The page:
I recently read about an vision of the Immaculate Mary to Saint Matilde. Mary related her the following information about the annunciation of Saint Gabriel:
“My daughter, I want you to know that no one can please me more by saying the salutation which the Most Adorable Trinity sent to me and by which He raised me to the dignity of Mother of God.
By the word “Ave” (which is the name Eve), I learned that in His infinite power God has preserved me from all sin and its attendant misery which the first woman had been subject to.”
In my pride, when I read this, I mocked it. I thought to myself:
“Hah, Ave is the Latin version of the angel’s greeting in the Vulgate. In the original Greek version of Luke, Saint Gabriel says, “Chaire,” not the Latin “Ave.”
I, being prideful, chalked this up to pious superstition. I assumed that Mary would not say something so silly to St Matilde.
How very wrong I was!
I was reading Cornelius de Lapide’s commentary on Luke’s Gospel, and he made an excellent point. Saint Gabriel would have addressed Mary in Hebrew, and likely would have begun his annunciation with the greeting: חוה pronounced “cha-ve” meaning “Live” as in “Long live the king” or “Viva Papa” or “Viva Christo Rey.”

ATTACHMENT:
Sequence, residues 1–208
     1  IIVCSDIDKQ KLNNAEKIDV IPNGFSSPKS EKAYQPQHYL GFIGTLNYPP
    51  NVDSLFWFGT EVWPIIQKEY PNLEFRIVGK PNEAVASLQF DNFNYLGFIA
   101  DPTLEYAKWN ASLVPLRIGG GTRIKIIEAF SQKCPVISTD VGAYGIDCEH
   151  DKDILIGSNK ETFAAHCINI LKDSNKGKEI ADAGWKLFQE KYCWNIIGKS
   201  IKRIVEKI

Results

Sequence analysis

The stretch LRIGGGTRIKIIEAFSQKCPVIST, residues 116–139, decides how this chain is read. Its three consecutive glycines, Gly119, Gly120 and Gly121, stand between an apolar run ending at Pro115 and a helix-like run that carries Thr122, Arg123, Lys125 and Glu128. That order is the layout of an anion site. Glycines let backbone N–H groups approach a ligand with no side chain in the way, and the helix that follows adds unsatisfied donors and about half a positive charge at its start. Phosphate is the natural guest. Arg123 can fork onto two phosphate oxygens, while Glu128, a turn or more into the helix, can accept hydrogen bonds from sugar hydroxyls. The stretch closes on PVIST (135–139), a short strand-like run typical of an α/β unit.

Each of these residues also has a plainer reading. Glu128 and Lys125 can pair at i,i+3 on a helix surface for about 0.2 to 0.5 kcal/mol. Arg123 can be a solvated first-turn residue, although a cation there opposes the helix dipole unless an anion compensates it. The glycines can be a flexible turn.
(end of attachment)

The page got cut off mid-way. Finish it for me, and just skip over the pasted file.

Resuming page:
Now then, according to Genesis 3:20, the Hebrew name of Eve is חוה or “cha-va” meaning “living” because, as the Holy Spirit explains, Eve is the “Mother of the Living.”
This shows that there is indeed a mystical meaning in the original Hebrew greeting of Gabriel to Mary, and that the Virgin’s explanation to St Matilde is linguistically accurate within the limits of Hebraic vocabulary. Moreover, this further links Mary as the New Eve! It also reveals that the Latin Vulgate version captures the original Semitic meaning through an Indo-European root.
This is a huge find and it has made my week!
Chava Miriam! Hail Mary!